Second Italo-Ethiopian War

Africa between the World Wars

Sub-Saharan Africa 1936.0509

Second Italo-Ethiopian War

League of Nations Africa, Second Italo-Ethiopian War (9 May 1936)

Historical Map of Sub-Saharan Africa

Following the League of Nations failure to halt Italian aggression in the Abyssinia Crisis, Italy launched a full-scale invasion of Ethiopia. Despite Ethiopian resistance, the Italians captured Addis Ababa in May 1936, annexing Ethiopia to their East African empire.

Main Events

Hamza Line

The Kingdom of Saudi Arabia claimed the Rub' al Khali (the Empty Quarter), with King Ibn Saud declaring a frontier - the Hamza line - which extended deep into the claimed territories of the British-protected states of Trucial Oman, Muscat and Oman, and Aden. In response, the British Minister to Saudi Arabia, Sir Andrew Ryan, suggested a compromise frontier - the Riyadh line - on 25 November 1935, but the dispute remained open.

Outbreak of Second Italo-Ethiopian War

At 5:00 am Italian troops under General Emilio de Bono crossed the Mareb River from Eritrea into Ethiopia. On the same day, Italian forces in Somalia began a series of attacks across the Ogaden into southern and eastern Ethiopia. In response to these undeclared Italian invasions, Ethiopia declared war on Italy.

March of the Iron Will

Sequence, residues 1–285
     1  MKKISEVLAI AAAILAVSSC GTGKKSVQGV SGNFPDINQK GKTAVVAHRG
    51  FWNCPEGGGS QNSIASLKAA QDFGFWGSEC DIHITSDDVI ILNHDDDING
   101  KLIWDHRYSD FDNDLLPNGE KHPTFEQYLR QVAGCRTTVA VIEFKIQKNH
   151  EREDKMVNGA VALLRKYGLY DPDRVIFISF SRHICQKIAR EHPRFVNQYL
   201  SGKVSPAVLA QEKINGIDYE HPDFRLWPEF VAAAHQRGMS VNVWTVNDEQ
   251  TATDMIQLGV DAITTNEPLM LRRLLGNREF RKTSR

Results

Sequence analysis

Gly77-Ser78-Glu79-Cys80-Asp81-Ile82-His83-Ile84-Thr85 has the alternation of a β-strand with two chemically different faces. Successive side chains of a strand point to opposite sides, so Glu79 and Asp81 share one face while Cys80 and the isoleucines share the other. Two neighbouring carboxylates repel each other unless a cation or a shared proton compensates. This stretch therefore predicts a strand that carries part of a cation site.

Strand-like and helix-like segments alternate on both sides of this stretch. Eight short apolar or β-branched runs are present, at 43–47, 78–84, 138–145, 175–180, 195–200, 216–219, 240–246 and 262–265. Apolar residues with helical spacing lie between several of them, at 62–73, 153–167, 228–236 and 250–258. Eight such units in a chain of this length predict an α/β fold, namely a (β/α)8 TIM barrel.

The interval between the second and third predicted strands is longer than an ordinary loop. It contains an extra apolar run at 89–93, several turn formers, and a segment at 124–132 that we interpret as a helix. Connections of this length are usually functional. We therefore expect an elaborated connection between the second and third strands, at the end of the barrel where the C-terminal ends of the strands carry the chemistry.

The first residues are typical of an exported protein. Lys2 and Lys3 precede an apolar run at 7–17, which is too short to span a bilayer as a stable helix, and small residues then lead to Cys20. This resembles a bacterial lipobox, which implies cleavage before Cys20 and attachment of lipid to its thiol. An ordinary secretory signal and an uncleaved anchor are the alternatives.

An Italian mechanized column under Marshal of Italy Pietro Badoglio advanced from Dessie to capture Addis Ababa, capital of the Ethiopian Empire. The march was largely unopposed as the Imperial Ethiopian Army had by this point been severely weakened by bombing and poison gas attacks, with the last major Ethiopian counterattack being defeated at Maychew on 31 March. Unable to defend the capital, Emperor Haile Selassie fled into exile on 2 May, three days before the Italians arrive.

Italian annexation of Ethiopia

The Italian government under Duce Benito Mussolini proclaimed the annexation of Ethiopia into Italian East Africa, with King Emmanuel assuming the title of Emperor of Ethiopia. However most of the country was still unconquered and the last Ethiopian army would not surrender until the end of the year.

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